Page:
The lunatics have taken over the asylum, folks. Taking responsibility for the operation of your own truck is no longer enough. It appears drivers may now be held at least partially responsible for any "interactions" they might have with driverless autonomously controlled vehicles. The National Transportation Safety Board has concluded that the actions of a human truck driver were the "probable cause" a fender-bender crash that occurred between a backing tractor-trailer and driverless shuttle bus in Las Vegas back in November of 2017.
The NTSB released its Highway Accident Brief on the collision last week, detailing the agency’s investigation of the Nov. 8, 2017 collision between a commercial truck and an autonomous shuttle in Las Vegas. In the Brief, the NTSB noted, "... the probable cause of the collision between the truck-tractor and the autonomously operated shuttle in Las Vegas, Nevada, was the truck driver’s action of backing into an alley, and his expectation that the shuttle would stop at a sufficient distance from his vehicle to allow him to complete his backup maneuver. Contributing to the cause of the collision was the [shuttle] attendant’s not being in a position to take manual control of the vehicle in an emergency."
Press reports from the time of the collision were already pointing fingers at the truck driver, and he was cited for "illegal backing," though the reasons for the charges were never fully explained. In a commentary I wrote at the time, I hypothesized that the driver probably assumed that the shuttle would stop before getting too close to the backing truck, and that's exactly what happened.
Comments from the driver contained in the full NTSB report, (see partial transcript below) indicate that he saw the shuttle halfway down the street while he was setting up for the backing maneuver, and as might be expected, he was focused on cars and pedestrians in his immediate vicinity. "[The driver] stated that he assumed the shuttle would stop a "reasonable" distance from the truck. The driver said that he looked back to the left and saw a pedestrian in the alley. He waited until the pedestrian cleared and then turned his attention to the right, which was when his truck hit the shuttle."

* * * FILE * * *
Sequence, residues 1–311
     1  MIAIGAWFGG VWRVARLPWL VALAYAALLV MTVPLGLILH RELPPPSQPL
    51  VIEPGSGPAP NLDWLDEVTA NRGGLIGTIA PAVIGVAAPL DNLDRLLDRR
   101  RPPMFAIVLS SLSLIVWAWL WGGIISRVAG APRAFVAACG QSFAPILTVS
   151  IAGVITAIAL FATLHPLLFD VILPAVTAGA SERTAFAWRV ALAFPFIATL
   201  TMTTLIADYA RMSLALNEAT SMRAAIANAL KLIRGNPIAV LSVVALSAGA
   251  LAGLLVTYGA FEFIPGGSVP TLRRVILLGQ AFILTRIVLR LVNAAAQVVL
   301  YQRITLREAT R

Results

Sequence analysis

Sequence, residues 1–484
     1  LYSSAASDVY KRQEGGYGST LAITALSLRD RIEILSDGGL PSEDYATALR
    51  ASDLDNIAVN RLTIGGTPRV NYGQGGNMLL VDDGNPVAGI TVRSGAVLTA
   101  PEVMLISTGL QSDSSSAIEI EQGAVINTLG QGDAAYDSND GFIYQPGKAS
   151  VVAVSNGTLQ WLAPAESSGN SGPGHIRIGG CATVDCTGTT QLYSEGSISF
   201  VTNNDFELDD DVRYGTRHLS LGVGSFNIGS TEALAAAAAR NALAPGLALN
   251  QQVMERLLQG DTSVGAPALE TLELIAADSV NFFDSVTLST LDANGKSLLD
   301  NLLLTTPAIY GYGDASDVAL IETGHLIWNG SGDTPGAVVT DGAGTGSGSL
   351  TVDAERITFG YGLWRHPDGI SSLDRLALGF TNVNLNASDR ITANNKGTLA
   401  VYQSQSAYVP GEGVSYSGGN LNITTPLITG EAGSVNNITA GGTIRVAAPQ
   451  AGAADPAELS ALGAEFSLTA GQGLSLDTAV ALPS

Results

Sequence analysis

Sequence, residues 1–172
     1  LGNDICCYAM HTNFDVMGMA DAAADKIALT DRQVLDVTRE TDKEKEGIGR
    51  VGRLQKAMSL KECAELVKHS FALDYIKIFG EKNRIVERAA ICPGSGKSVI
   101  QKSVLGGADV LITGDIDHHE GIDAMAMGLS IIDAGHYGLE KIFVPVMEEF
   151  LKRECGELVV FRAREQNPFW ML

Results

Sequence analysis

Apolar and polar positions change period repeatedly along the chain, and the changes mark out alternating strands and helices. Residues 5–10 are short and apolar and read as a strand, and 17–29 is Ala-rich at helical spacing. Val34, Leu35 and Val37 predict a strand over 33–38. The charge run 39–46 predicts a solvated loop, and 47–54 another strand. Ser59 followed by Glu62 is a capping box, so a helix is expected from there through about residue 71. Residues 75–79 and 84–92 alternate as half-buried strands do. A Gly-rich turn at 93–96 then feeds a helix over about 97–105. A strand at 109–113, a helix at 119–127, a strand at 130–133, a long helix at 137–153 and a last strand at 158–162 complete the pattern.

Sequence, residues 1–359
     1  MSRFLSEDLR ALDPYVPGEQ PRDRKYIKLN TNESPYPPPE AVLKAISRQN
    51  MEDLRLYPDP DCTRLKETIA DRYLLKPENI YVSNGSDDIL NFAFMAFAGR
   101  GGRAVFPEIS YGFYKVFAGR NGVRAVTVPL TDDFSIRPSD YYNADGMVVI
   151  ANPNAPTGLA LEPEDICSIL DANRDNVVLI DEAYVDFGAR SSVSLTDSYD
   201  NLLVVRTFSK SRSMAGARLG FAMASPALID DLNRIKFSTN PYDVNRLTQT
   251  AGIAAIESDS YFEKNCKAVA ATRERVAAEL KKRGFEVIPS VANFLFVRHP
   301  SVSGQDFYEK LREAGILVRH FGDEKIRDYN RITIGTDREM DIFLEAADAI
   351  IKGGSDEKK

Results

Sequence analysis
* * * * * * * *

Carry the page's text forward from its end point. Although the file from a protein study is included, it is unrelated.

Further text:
According to data downloaded from the shuttle, its sensor array detected the truck when it was nearly 150 feet away and tracked the truck continuously while it backed up. The shuttle, which was programmed to stop about 10 feet from any obstacle in its path, began to decelerate when it was about 100 feet from the truck. When the shuttle was about 10 feet from the truck and at nearly a complete stop, the shuttle attendant pressed one of the emergency-stop buttons inside "as a precaution."
The report states the truck driver continued in reverse for another 11 seconds before the collision occurred, striking the stopped shuttle bus on the left fender with the right-hand steer-tire of the truck. The bump resulted in a few scuff marks on the truck's tire, and a dent to the shuttle's fiberglass fender.
Here's where it gets bizarre; there was an attendant onboard the shuttle who NTSB says was a Class-B-licensed former motor coach driver with three years' experience. The report says the attendant pressed the emergency stop button just 10 feet from the backing truck while the shuttle was still moving slowly. There was also a manual control device onboard the shuttle, similar to a video-game controller, which the attendant used to operate the bus when it was not on its predefined route, such as when steering around parked cars or driving it onto a tow truck so it could be repositioned.
At the time of the collision, the controller was stowed away in a compartment which the attendant could not access conveniently.
"The attendant told investigators that several seconds passed after the shuttle stopped before the truck collided with it. The attendant believed the shuttle was visible to the truck driver in the right-side mirror from the time the shuttle stopped until the collision. The attendant said that he considered switching to manual mode to move the shuttle, but that he had very little time. He further stated that manual mode was not designed or intended to be used as an emergency mode," the report states.